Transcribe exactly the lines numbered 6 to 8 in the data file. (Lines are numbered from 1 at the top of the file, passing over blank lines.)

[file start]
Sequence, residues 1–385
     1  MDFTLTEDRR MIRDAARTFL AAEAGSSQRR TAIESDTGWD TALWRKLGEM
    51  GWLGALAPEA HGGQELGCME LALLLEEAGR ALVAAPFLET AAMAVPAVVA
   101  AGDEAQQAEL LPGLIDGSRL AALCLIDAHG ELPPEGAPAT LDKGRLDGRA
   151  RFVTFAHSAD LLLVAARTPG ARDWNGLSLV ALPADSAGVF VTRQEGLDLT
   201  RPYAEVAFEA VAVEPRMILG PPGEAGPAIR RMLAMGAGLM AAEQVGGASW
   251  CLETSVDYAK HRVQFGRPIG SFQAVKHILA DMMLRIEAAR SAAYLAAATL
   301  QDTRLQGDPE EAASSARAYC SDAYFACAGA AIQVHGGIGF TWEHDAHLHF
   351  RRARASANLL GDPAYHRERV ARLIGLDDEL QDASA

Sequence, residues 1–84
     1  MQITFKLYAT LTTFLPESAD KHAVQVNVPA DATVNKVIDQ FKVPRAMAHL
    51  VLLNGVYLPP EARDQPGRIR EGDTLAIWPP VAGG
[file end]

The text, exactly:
   201  RPYAEVAFEA VAVEPRMILG PPGEAGPAIR RMLAMGAGLM AAEQVGGASW
   251  CLETSVDYAK HRVQFGRPIG SFQAVKHILA DMMLRIEAAR SAAYLAAATL
   301  QDTRLQGDPE EAASSARAYC SDAYFACAGA AIQVHGGIGF TWEHDAHLHF